With classes over, academic obligations fulfilled, and released of responsibility, Leslie Greis seized the chance to play the most maddening of games on a perfect day on the Cape. Basking in the pleasant late-afternoon glow, she muses about the grand old game of golf. "It's a mental game, dominated by inconsistency, a sort of constant inconstancy." That's the reason Greis attacks the game and attacks it with a passion.
Like many other seniors, Greis waited in line in front of the Office of Career Services and Off-Campus Learning to sign up for job interviews this February. Like many other seniors, she spoke with all sorts of corporations. Like many others, she received a handful of alluring offers, from a few national banks, from a grain-trading company, and from a steel company. And for a while, she was prepared to take the corporate plunge.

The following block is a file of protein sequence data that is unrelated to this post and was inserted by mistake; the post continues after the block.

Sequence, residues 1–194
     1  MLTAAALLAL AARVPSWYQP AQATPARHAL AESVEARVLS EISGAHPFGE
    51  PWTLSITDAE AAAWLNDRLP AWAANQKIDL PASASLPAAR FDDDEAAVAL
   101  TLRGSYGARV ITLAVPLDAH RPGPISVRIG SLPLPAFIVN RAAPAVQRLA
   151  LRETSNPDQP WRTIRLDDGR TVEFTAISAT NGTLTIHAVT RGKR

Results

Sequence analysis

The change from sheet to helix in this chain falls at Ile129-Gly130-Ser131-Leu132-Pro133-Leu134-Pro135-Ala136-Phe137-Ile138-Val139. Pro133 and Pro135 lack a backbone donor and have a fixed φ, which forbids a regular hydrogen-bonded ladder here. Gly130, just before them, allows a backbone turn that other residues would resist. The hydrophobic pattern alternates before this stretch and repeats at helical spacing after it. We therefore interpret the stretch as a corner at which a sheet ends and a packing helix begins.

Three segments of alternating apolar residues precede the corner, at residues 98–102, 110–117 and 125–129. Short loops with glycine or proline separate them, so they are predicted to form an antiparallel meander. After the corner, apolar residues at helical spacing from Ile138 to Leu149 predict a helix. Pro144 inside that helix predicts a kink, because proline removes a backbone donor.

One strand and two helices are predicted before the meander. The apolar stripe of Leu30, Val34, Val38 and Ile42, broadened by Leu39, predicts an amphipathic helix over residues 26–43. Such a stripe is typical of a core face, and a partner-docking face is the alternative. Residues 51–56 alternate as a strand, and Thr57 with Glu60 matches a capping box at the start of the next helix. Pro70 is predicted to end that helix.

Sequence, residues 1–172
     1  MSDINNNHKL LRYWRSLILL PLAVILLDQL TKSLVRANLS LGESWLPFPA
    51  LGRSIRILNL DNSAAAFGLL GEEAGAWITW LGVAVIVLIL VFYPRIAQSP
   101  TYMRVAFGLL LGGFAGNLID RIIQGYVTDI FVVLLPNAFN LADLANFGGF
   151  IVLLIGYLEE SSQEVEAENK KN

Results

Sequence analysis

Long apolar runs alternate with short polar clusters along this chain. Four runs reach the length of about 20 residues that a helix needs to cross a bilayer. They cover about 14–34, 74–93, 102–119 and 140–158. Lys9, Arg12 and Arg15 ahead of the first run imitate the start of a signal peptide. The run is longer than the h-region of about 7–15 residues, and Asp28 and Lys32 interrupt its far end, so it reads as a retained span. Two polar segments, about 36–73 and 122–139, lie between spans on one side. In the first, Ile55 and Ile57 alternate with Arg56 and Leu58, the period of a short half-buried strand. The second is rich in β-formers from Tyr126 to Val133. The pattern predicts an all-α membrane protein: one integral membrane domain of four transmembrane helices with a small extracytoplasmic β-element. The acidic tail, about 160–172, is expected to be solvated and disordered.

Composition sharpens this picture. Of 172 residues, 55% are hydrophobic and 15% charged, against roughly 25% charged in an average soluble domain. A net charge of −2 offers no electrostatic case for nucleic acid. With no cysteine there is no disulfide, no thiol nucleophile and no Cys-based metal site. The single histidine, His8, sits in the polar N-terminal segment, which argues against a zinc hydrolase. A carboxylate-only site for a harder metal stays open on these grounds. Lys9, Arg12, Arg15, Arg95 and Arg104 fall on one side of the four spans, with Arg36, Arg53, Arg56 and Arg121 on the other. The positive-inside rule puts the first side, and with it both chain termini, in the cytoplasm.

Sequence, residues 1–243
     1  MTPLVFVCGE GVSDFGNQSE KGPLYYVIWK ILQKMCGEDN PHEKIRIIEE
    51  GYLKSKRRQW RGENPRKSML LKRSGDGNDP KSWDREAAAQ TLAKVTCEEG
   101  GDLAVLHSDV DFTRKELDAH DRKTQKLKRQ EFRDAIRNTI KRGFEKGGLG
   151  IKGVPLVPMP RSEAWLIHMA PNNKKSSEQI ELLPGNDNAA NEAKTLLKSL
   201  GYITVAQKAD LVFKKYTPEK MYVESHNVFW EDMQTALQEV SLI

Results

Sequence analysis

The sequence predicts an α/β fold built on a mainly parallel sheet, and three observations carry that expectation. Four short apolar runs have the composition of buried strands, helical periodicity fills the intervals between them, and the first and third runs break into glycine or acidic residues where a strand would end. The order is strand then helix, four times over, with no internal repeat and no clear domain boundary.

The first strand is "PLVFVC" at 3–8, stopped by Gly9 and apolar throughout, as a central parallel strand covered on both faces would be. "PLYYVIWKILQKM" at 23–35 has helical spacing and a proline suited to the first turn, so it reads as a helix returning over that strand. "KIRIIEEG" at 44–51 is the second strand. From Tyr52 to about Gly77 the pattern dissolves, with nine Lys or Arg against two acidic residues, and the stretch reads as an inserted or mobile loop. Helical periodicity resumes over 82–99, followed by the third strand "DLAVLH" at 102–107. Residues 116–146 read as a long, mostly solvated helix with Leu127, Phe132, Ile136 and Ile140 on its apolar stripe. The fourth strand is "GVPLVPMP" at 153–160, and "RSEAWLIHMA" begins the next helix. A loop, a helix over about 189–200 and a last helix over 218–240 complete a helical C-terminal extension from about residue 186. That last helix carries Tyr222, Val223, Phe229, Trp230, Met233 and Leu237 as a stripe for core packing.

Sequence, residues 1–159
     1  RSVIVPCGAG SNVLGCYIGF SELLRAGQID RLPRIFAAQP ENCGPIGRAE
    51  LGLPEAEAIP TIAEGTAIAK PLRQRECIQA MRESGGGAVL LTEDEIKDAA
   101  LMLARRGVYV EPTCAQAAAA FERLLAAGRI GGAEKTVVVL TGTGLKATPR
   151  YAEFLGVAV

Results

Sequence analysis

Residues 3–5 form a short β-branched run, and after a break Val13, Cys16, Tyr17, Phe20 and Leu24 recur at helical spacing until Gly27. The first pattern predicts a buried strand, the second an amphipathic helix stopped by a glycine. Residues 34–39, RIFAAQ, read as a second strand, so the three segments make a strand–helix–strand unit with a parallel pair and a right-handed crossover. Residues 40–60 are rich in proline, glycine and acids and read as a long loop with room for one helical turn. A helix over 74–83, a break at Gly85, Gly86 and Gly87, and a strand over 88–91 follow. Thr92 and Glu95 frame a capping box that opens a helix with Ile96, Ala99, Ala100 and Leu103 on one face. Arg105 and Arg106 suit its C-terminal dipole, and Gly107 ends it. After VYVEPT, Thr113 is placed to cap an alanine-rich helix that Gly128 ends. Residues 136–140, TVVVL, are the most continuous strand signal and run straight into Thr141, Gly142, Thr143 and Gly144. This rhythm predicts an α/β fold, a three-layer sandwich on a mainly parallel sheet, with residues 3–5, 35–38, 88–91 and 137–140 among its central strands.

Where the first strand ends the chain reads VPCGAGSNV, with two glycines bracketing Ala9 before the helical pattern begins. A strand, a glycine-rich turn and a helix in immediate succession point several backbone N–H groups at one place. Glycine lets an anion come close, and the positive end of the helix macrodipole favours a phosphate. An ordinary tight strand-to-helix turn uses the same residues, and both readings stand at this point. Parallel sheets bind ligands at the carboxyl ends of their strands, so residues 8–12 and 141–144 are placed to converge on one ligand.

But Leslie Greis will not spend next year in an air-conditioned office piling up practical experience on the path to business school. Instead, she will traipse the Florida fairways, forsaking the boardroom for the putting green, at least for the time being.
Although she has played the New England golf tour for the last five summers, Greis has had to hold a job for school expenses and has not given the sport her undivided attention. She badly wants to polish her game--"I plan to be pretty intense," she says--with the ultimate objective of making the Ladies Professional Golf Association tour. As long as she thinks she is improving, Greis will stick with the grueling, often disheartening amateur mini-tours and the Grapefruit circuit, paying her dues until she is ready to take on Nancy Lopez and company.